It is a rare artist who can open AND headline a show with each set sounding quite distinct from the other. Joe Bonamassa is the musician who can do just that starting with a bluegrass/blues acoustic set then ending with a hard-rocking, melt-your-face-off, electric jam session.
As a bluegrass-style version of “Highway to Hell” played, Joe Bonamassa strutted out on stage alone to sit in a half circle of acoustic guitars. With slicked back hair and his shades on, Bonamassa epitomized the persona of a cool blues musician, though the first song “Woke Up Dreaming” recalled a contemporary bluegrass vibe. After handing off his Gibson to an assistant, he snapped up another from the almost dozen guitars behind him.
His acoustic band members joined him for the second song of the night, “Seagull”. Performing with Joe Bonamassa following their success with the Tour de Force series in Europe were: Gerry O’Connor, formerly of the Irish Rovers, on the Irish fiddle, mandolin and banjo. Mats Wester of Sweden, who is a master of the nyckelharpa (Swedish traditional instrument) and mandola, Lenny Castro, seasoned percussionist who has recorded with a slew of the greats, like Eric Clapton, Elton John, and the Rolling Stones. Keyboardist Derek Sherinian, bandmate of Bonamassa’s from Black Country Communion, coaxed bluesy folk sounds from his keyboards, though in the second act he electrified the crowd with his renowned skills on the organ and even the theremin.
Joe said very little between songs, allowing the music to speak for itself. At the end of “Jelly Roll”, each performer showcased their talents with rotating solos. “Black Lung Heartache”, resonated through the packed house with the strains of Appalachian folk and bluegrass with heart-felt mandolin playing by O’Connor. Switching up the tone to a more contemporary feel, “Driving Towards Daylight” had Wester performing with a mandola. Keeping the beat going throughout the acoustic jam, Lenny Castro provided the bass sounds by playing congas, drum box, and foot bass.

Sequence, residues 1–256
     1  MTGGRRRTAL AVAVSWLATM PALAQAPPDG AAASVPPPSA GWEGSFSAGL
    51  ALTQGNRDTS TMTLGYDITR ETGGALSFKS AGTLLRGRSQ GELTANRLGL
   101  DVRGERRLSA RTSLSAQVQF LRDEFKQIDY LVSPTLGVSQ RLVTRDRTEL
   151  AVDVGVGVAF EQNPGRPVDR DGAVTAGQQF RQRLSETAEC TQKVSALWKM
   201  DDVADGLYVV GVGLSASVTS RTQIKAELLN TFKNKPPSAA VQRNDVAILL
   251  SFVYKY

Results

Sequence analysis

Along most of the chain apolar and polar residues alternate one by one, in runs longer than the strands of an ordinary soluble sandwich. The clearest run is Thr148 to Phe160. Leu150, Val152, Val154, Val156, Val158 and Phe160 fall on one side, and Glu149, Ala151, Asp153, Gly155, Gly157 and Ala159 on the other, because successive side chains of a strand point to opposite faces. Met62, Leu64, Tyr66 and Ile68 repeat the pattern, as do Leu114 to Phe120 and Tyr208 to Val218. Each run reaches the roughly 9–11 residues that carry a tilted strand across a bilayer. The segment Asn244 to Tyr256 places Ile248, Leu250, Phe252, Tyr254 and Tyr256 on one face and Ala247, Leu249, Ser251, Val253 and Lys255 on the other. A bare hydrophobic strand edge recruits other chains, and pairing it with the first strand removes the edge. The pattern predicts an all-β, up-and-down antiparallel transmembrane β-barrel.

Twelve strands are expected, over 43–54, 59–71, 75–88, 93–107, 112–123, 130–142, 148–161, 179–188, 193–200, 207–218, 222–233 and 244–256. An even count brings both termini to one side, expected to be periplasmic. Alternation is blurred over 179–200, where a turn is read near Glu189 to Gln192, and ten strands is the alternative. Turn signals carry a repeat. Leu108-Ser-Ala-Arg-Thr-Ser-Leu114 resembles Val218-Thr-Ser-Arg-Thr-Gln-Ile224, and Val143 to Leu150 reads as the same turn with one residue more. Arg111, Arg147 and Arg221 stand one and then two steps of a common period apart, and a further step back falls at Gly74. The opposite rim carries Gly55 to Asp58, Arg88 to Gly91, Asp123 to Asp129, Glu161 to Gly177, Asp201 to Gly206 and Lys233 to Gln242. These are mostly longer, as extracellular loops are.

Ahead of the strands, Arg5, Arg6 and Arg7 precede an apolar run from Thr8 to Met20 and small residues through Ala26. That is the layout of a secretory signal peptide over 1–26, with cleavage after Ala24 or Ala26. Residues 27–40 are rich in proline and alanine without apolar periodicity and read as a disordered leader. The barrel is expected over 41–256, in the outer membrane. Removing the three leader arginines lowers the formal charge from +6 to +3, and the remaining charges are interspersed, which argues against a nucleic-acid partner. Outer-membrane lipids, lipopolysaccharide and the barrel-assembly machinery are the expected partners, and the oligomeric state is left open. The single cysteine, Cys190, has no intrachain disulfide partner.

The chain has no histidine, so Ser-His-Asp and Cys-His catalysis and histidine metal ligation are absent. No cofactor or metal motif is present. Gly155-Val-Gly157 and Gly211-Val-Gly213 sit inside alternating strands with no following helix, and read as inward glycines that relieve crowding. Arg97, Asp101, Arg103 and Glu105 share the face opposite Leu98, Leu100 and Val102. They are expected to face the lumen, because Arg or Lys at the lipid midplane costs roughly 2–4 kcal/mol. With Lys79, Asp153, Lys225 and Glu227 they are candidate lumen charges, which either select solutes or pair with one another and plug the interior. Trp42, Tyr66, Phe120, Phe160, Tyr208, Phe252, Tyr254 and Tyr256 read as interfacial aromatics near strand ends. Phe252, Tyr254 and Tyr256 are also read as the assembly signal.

After introducing the band and ending the acoustic part of the show, the crowd at the Murat Theater revved up for the anticipated electric set. Beginning with “Dust Bowl”, each song diverged from the studio recorded versions with improvised riffs and drawn-out guitar solos revealing Bonamassa’s unparalleled talent. Slow, soft and sensual sounds on “Who’s Been Talking” and “Midnight Blues” hushed an audience who later heard the high-pitched notes of Bonamassa’s guitar picking.
Members of the electric touring band included: Carmine Rojas, former bassist for David Bowie. Tal Bergman, wildly talented drummer who had previously recorded with Rod Stewart. Castro on congas, tambourine, and various traditional percussion instruments, and Sherinian pulling double-duty pounding the keys.
Bonamassa made his guitar whine with no hisses or pops during “Midnight Blues” Squeals emitted from his Epiphone then turned into hard-driving riffs at the song’s end. Joe grinned as he got into his groove for his fans, letting loose extra helpings of guitar goodness.
“Slow Train” started out with drummer Bergman illuminated while the “train” sounds gathered speed then picked up with a heavy back beat and bass line. Bonamassa performed a fast fingered coda that had listeners counting his fingers looking for the extras that enable his unique abilities.
He introduced the band members before segueing into “Love Ain’t a Love Song”, which featured Sherinian’s organ skills. A conga drum solo followed with a spotlight on Lenny Castro then just the two drummers stayed on stage as the other musicians left stage including Joe. The crowd clapped along with the bongos and Bergman stood up and hit his sticks together in time.
The electric show wrapped up with “Sloe Gin” and “Ballad of John Henry”, a Delta blues-infused story song. A Spanish-style finish to the “Ballad of John Henry” quieted the crowd as they leaned in to catch every last note. Bonamassa patted himself on the back after a particularly high note that earned him whistles and yells from the audience.
The concert ended with Bonamassa saying, “Thank you very much. Good night”, in his low-key style. The musicians, wooed back for an encore, played “Django”, and then united all of the band members, acoustic and electric for “Mountain Time”. Shades of country music in “Mountain Time” along with the nyckelharpa and mandolin vibe brought the musical journey back around to the show’s acoustical section.
Bonamassa fans filed out of the Murat Theater having got their fill of so many musical styles and genres from just one artist and his international-flavored band. There truly was no need for an opening act for Joe Bonamassa, unless it was Joe Bonamassa, unplugged and unfettered by convention.
Review by Andi Williams HHM
Photos by Andi Williams HHM
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